Hojas/Composiciones: Hojas are worksheets that you can find on the assignments list (“Programa de clases”) on the class website. Any compositions assigned will be discussed in class and will generally be one paragraph to page in length. These worksheets and compositions will be collected on the day they are due.  Compositions must be typed and DOUBLE-SPACED with correct use of accent marks and Spanish characters. (A guide for producing Spanish accents and characters can be found on the class website). A first draft will be turned in on the day it is due. I will make corrections/suggestions and hand it back to you. You will then make any necessary changes and turn in a final polished version. Compositions must be turned in hard-copy; no email submissions will be accepted.

***Please note that all homework should be completed before the beginning of the class on the day it is due. Any late assignments will be counted for half credit unless the student has provided a documented excuse beforehand.


Chapter Tests (exámenes): You will take a series of announced tests and one final exam that focus on review topics, vocabulary, grammar, and cultural information. Activities on the tests and exam will reflect those assigned for homework or completed in class. Tests will generally be given at the end of each chapter and will cover material studied in that chapter and in previous chapters. The goal of the tests and exam is to evaluate the students’ comprehension of class topics and ability to apply them to real-life contexts. The tests will include both written and oral activities.


Vocabulary and Verb Quizzes (pruebas): Routine review and careful study of all new vocabulary and grammar are critical to the sustained assimilation of a new language. The objective in giving vocabulary and verb conjugation quizzes is to measure how well you are preparing the assigned readings before coming to class as well as how effectively you are reviewing past materials. Vocabulary and verb conjugation quizzes will be given at the very beginning of class and will last a maximum of five minutes. Students who arrive late will not be given extra time or a make-up unless they advise me ahead of time that they will be absent or late that day.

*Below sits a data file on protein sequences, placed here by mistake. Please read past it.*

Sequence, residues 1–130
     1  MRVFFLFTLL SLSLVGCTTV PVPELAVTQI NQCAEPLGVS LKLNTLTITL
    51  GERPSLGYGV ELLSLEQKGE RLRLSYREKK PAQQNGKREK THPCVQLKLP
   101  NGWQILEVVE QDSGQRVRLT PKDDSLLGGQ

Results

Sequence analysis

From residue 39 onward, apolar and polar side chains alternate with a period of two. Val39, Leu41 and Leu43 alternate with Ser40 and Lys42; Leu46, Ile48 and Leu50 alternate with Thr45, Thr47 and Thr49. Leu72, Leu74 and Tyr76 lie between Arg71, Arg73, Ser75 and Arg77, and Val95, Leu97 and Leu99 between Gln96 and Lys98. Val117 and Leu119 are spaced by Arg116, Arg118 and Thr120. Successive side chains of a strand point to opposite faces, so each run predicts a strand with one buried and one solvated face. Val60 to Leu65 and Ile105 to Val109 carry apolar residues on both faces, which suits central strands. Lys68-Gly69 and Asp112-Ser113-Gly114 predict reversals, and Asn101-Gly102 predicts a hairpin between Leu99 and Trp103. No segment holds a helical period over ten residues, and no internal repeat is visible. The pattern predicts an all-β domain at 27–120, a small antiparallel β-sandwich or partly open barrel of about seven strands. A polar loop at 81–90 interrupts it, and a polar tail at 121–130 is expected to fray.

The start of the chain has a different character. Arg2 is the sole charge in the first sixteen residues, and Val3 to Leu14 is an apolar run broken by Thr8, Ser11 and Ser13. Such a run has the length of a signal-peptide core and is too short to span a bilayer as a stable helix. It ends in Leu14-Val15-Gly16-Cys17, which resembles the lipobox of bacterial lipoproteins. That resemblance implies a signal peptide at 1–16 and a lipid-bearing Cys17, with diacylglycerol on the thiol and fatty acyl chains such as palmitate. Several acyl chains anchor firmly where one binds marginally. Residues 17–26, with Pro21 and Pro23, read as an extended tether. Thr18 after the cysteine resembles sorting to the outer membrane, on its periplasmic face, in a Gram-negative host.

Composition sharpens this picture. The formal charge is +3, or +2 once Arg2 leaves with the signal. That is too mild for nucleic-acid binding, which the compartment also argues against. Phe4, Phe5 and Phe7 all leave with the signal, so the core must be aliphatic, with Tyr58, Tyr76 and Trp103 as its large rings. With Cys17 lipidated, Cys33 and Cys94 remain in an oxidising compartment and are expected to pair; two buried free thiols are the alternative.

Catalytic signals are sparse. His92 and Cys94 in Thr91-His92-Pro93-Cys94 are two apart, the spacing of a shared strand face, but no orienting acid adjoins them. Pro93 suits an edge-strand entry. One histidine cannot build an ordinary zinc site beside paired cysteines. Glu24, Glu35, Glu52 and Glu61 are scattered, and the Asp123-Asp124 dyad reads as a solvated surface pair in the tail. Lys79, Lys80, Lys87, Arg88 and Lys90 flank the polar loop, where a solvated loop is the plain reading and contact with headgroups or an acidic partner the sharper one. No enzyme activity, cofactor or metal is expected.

Charlas: A Charla is an informal conversation covering topics discussed in class. The first Charla will be held in private in my office and students will be paired with one another at random and have a conversation in front of me. Topics to be covered in the conversation will be announced beforehand. For the second Charla, students will be allowed to choose their partners and perform a short skit based on a given scenario/ Evaluation of the student’s performance during the Charlas is based on his/her ease of communication, pronunciation, correct usage of grammar, inclusion of appropriate vocabulary, and cohesiveness. Detailed guides for each Charla will be provided at the appropriate times.


Group Skit: Throughout the semester, we will be working in groups to design, write, and produce a skit in the style of a Mexican telenovela (soap opera). We will begin working on these skits approximately the sixth week of classes. Each member is responsible for contributing to the writing, producing, and acting process. The skits will be performed during the last week of classes. At this time, each group is responsible for handing in a final copy of their skit. Each group has the option of filming their skit. Extra consideration will be given for the creative use of props, visuals, etc.


Final Exam: The final exam is cumulative and may include an ample selection of material from both Spanish 101 and 102. Students are encouraged to make good use of old exams/quizzes, on-line activities, notes and classroom exercises to prepare. Every student must take the final exam on the scheduled date and time. Any student who needs to take the exam on a different date or time must petition the Dean of the Faculty for an exception.


Extra Credit Options: Students who would like to earn extra credit may select one of three semester-long activities. Submissions are due every Monday.

  1. Blog. Students may keep a blog on the class website and write in it on a weekly basis over the course of the semester. All entries should demonstrate a strong command of the grammar and vocabulary studied in the course. The minimum length for each entry is 15 sentences and each entry must be accompanied by a photo. You are free to choose your own topics but try to incorporate the vocabulary and grammar we are studying at that moment.
  2. Diario cultural. Students may keep a cultural journal about a Spanish-speaking country of their choice. The journal may be kept in a notebook or students may print a page weekly from a Word document. Each week, students will write a 1-2 paragraph entry in English or Spanish and include at minimum one visual aid/photo. Additionally, each student is responsible for one “Video Viernes” of the semester. They must select a video that relates to their cultural journal and facilitate class discussion. The video should be less than 5 minutes long and must be submitted to me for approval beforehand. Topics for journal entries can include, but is not limited to, the food of the country, music, art, politics, social issues, educational system, geography, historical events, famous people, indigenous cultures/languages, tourism, etc. Your cultural journal must be turned in hard-copy; no email submissions will be accepted.